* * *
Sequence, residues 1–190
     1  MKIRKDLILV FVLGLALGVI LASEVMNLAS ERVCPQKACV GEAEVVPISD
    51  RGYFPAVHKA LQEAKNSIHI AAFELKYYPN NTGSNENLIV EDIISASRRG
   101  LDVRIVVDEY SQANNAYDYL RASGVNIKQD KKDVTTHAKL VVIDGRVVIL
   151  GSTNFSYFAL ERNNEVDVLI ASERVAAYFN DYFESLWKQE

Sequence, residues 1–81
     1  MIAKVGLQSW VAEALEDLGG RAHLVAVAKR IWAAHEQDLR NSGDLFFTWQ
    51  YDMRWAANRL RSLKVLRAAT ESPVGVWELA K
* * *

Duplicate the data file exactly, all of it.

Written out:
Sequence, residues 1–190
     1  MKIRKDLILV FVLGLALGVI LASEVMNLAS ERVCPQKACV GEAEVVPISD
    51  RGYFPAVHKA LQEAKNSIHI AAFELKYYPN NTGSNENLIV EDIISASRRG
   101  LDVRIVVDEY SQANNAYDYL RASGVNIKQD KKDVTTHAKL VVIDGRVVIL
   151  GSTNFSYFAL ERNNEVDVLI ASERVAAYFN DYFESLWKQE

Sequence, residues 1–81
     1  MIAKVGLQSW VAEALEDLGG RAHLVAVAKR IWAAHEQDLR NSGDLFFTWQ
    51  YDMRWAANRL RSLKVLRAAT ESPVGVWELA K